All “Speed Work” is within 65% to 80% of a trainee’s 1RM. However, safety is a primary concern because we do not want someone turning a Squat into a Jump Squat because the weight is too low. At the same time, we do not want someone to “anticipate” the weight to feel a certain way and then compromise on form. So, often we start with something a little lower just to get the trainee used to Speed Work but then intensity is increased.
For Squats and Pressing work, we usually perform doubles. For Deadlifts we usually stick to singles and occasionally doubles. When a trainee is supposed to work within 65% to 80% of his/her 1RM, over the course of several weeks the entire range of that intensity is practiced and because we believe in training to be fluid and non-rigid with flexibility in protocols and trying to get trainees to think on their feet: the volume is also sometimes changed depending on how a trainee feels. Performance determines everything.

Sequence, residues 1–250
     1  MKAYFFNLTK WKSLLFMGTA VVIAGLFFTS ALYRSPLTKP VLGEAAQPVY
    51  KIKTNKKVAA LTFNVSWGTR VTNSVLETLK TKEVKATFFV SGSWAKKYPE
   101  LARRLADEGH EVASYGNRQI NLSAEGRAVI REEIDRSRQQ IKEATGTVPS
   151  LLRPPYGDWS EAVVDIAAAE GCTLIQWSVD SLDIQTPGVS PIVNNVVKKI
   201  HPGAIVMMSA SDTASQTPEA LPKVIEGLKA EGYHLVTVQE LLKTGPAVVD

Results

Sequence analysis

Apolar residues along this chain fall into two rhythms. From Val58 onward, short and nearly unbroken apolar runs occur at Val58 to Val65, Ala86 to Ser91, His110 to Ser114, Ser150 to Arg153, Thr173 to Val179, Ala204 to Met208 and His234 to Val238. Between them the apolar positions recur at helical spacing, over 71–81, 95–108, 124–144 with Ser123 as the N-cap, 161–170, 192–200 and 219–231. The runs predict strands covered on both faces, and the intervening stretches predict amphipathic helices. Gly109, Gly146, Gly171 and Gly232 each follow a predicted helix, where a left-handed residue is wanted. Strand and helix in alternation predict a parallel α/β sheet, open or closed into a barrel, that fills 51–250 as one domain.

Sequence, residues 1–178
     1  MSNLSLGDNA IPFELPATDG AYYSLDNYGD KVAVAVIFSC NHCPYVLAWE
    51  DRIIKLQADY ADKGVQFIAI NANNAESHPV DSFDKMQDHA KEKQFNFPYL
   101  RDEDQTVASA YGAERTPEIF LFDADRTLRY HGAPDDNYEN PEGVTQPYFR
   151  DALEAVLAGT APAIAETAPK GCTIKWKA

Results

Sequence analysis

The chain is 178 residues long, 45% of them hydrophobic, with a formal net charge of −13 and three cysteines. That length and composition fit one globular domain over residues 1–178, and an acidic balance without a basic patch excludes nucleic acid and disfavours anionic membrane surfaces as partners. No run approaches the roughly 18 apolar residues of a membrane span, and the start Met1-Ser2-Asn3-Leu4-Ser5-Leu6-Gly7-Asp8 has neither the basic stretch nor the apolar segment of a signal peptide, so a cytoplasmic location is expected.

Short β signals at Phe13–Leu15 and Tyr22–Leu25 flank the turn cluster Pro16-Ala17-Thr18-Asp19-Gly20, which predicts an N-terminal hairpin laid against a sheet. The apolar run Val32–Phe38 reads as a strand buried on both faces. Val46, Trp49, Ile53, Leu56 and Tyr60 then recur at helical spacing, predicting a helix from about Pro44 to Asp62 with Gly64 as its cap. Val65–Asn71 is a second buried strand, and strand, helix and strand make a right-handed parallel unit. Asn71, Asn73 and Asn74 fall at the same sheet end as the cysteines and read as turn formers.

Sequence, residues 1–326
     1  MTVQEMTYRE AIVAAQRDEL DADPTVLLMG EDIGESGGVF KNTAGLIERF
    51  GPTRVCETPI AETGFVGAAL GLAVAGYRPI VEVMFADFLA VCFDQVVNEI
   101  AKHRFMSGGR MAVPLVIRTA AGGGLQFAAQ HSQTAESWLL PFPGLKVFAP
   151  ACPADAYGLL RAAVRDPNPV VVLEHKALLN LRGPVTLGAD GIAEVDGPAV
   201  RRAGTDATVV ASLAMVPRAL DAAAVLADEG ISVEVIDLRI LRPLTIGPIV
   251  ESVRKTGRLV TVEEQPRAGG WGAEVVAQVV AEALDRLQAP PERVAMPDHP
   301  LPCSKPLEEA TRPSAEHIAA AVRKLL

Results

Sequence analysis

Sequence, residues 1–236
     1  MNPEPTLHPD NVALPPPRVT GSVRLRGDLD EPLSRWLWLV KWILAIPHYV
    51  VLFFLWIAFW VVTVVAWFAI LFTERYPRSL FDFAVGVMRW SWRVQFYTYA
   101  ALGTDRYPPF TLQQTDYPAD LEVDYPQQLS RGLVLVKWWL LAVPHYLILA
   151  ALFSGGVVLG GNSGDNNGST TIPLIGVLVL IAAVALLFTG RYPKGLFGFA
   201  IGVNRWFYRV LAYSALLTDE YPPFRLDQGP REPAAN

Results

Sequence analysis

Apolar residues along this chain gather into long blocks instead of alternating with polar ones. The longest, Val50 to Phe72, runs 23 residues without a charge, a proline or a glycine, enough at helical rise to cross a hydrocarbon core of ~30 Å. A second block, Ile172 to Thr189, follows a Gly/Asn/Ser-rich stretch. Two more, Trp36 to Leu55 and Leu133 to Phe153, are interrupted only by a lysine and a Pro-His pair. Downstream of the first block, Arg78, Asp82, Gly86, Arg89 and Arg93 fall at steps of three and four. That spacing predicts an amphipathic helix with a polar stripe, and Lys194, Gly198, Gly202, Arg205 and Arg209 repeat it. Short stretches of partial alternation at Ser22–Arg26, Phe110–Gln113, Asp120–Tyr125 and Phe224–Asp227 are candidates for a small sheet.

Speed Work is one of the many components of Strength Training that is overused and over-hyped. It is not mandatory but it can be beneficial to all trainees at some point in their lifting careers. I do not believe it has to be a cornerstone throughout their career but for trainees who focus on Maximal Strength; Speed Work is a great tool to iron out certain glitches and bad habits that can develop while working with maximal loads. I do not think that speed Work has to have set-in-stone rules. Most such rules and "theories" used to govern speed work are based on nothing but opinion and the idea that endless fast reps done with half your 1 RM will have a direct impact on your max ability is a dream. Max work has more affect on speed than the other way around, at least for beginners. Keep speed work flexible and geared to the needs of the trainee. Benedikt Magnússon once said to the effect of no lift being performed with the intention of it being slow. At the end of the day; performance is the KEY and all lifts regardless of the load should be done with the intention of speed and a commitment to the completion of the repetition.
This page created 09 Jul 2012 18:37
Last updated 25 Feb 2015 22:47